Sunday, December 8, 2013

The World Heavyweight Title (WWE): Disrespected and Undervalued

On the November 25 edition of "RAW", Triple H announced that a WWE and World Heavyweight Title match will take place at the WWE TLC PPV. Both belts will be hung above the ring and John Cena and Randy Orton will face in each other in a, "Tables, Ladders and Chairs", match. One of three things will happen: Either Randy Orton or John Cena will win both titles and unify them, they will both grab a belt therefore delaying a unification of the titles, or the match will end in a controversial fashion leading to both titles being vacated. No matter what happens at WWE TLC, it is inevitable that the World Heavyweight Title/Big Gold Belt is going to be phased out in the very near future.

Which will be a travesty. Make no mistake- from a financial standpoint, the WWE Title is the most valuable title in the pro-wrestling industry. Being WWE Champion gives a talent the distinction of being the face of the biggest drawing pro-wrestling company in the world. However, to phase out the World Heavyweight Title would be a injustice to one of the most prestigious titles in pro-wrestling history- arguably even more prestigious than the WWE Title.

For starters, let's look at the lineage of the World Heavyweight Title, which started in 1905 (then known as the World Heavyweight Wrestling Championship), making it the oldest title in the pro-wrestling industry. The industry was very different during this period. While today the pro-wrestling industry focuses mainly on giving fans the best shows possible, during that time it was focused mainly on in-ring competition. And for that reason, George Hackenschmidt became the first holder of the World Heavyweight Title. Whether or not he had the ability to work a crowd was irrelevant, because during that era, the wrestling skills of the talents in the ring were all that mattered. Hackenschmidt was the first pure wrestler to become a world champion, and he is a former champion who is a part of the World Heavyweight Championship lineage, and not the WWE Title's.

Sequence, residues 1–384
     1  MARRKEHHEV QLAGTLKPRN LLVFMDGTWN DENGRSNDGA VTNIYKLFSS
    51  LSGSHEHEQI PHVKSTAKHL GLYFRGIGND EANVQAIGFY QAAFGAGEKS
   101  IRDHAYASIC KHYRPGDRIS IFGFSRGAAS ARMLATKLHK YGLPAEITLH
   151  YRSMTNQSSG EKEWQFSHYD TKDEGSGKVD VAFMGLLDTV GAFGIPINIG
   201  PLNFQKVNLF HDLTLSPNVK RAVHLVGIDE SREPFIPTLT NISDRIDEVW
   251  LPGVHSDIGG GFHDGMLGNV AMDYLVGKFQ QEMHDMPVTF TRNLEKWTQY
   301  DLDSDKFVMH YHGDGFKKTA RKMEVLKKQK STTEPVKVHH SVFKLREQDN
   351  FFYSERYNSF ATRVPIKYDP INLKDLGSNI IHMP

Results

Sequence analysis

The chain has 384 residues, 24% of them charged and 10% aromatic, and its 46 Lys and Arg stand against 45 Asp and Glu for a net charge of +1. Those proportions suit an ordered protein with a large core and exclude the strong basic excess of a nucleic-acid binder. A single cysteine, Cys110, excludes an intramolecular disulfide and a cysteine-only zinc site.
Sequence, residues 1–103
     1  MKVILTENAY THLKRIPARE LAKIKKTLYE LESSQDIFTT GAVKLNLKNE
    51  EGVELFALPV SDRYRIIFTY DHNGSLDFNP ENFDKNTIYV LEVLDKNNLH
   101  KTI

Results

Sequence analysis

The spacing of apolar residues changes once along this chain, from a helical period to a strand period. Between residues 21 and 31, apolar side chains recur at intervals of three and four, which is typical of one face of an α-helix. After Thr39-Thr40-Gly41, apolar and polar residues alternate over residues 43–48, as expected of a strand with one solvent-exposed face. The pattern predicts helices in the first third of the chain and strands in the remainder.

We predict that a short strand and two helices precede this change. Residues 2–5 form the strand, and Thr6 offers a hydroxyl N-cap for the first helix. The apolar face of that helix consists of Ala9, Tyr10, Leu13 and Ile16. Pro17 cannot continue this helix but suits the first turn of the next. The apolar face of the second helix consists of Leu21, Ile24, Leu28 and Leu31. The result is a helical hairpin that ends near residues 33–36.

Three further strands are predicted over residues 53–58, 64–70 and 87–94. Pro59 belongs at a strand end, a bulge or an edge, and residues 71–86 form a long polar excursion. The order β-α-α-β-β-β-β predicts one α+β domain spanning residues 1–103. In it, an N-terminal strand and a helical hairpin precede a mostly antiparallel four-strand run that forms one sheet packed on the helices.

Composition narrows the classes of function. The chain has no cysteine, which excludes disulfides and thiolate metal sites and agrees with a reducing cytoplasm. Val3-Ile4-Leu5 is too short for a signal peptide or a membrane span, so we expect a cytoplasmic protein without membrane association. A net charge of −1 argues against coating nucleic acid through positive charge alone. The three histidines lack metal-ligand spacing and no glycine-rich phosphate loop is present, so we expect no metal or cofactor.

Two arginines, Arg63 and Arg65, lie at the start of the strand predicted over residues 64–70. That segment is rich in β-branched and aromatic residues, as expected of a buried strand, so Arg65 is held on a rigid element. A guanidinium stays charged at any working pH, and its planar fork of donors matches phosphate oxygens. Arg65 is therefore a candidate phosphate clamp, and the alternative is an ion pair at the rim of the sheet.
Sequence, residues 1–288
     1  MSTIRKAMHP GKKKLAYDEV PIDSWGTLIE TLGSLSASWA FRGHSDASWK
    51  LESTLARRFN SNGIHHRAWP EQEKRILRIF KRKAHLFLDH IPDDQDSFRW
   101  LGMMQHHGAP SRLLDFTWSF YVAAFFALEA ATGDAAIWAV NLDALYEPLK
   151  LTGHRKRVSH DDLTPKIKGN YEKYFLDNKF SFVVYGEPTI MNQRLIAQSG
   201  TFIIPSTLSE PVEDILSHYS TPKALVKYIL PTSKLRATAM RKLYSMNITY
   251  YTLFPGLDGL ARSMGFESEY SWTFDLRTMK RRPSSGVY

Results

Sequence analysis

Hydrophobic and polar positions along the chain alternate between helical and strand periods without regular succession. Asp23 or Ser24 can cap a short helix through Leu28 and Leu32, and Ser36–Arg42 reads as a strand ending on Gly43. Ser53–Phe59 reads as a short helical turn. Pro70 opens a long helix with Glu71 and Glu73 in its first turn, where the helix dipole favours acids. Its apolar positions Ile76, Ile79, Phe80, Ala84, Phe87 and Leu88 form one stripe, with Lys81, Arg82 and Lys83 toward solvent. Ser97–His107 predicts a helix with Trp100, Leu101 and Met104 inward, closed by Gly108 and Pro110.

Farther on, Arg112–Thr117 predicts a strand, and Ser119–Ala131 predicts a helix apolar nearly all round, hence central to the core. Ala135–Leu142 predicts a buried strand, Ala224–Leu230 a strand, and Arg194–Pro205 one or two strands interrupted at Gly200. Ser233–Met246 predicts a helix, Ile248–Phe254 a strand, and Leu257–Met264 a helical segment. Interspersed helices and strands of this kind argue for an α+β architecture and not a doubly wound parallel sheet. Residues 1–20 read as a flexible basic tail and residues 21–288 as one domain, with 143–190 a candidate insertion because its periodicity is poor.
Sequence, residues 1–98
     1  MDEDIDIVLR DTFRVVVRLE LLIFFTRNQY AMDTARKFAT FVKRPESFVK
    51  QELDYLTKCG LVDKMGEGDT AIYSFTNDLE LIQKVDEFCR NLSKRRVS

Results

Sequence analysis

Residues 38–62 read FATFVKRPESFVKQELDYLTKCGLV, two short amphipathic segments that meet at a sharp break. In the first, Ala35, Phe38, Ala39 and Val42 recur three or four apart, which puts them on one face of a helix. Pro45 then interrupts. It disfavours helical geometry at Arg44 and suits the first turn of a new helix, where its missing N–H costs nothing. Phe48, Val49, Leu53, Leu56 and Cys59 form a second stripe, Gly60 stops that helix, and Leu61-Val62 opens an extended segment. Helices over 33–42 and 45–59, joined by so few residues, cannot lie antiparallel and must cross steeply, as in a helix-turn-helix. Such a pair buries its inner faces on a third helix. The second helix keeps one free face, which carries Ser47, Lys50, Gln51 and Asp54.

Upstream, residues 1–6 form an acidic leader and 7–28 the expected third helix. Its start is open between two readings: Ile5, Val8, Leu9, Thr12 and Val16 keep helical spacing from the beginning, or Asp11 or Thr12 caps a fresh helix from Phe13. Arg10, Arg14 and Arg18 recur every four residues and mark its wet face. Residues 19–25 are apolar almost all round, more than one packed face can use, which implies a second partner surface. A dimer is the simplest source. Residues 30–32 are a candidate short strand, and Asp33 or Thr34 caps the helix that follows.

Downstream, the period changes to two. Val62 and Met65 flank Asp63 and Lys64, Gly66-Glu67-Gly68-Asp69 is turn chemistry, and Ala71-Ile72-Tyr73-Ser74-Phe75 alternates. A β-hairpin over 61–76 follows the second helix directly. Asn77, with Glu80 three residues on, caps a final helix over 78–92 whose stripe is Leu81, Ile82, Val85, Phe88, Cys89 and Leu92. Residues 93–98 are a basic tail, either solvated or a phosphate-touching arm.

Following George Hackenschmidt in the lineage of the World Heavyweight Championship is Frank Gotch, a talent who revolutionized the pro-wrestling industry in the 1900's and 1910's, just as Hulk Hogan did in the 1980's and 1990's. Both the WWE and World Heavyweight Title lineages have the distinction of Hulk Hogan being a part of them, but only the World Heavyweight Title lineage has the distinction of Frank Gotch being a part of it.

In 1949, Lou Thesz was given the NWA World Heavyweight Title, and then merged the World Heavyweight Wrestling Wrestling Title into it (which he won in 1952). The NWA World Heavyweight Title is the only title that was ultimately defended in WWE, WCW, TNA, and ECW. Also it has the distinction of having legends who are a part of it's legacy and not the WWE title's legacy: Dory Funk Jr., Dusty Rhodes, Harley Race, Jack Brisco, Kerry Von Erich, Ricky Steamboat, and Terry Funk.

In 1991, the NWA World Heavyweight Title began to be referred to as the WCW World Heavyweight Title in WCW. In 1992, Ron Simmons became WCW World Heavyweight Champion. He is currently a member of the WWE Hall of Fame, which makes Simmons another legend who is a part of the World Heavyweight Title's lineage, but not the WWE Title's.

It's understandable that WWE takes pride in their title and wants it to be the only world title represented in their company (even though it will be called the Unified Title, in reality it will only be the WWE Title, since the World Heavyweight Title will be merged into it). However, the World Heavyweight Title has importance and a relevant legacy behind it- the title should be respected and not discarded as if it doesn't have any value.

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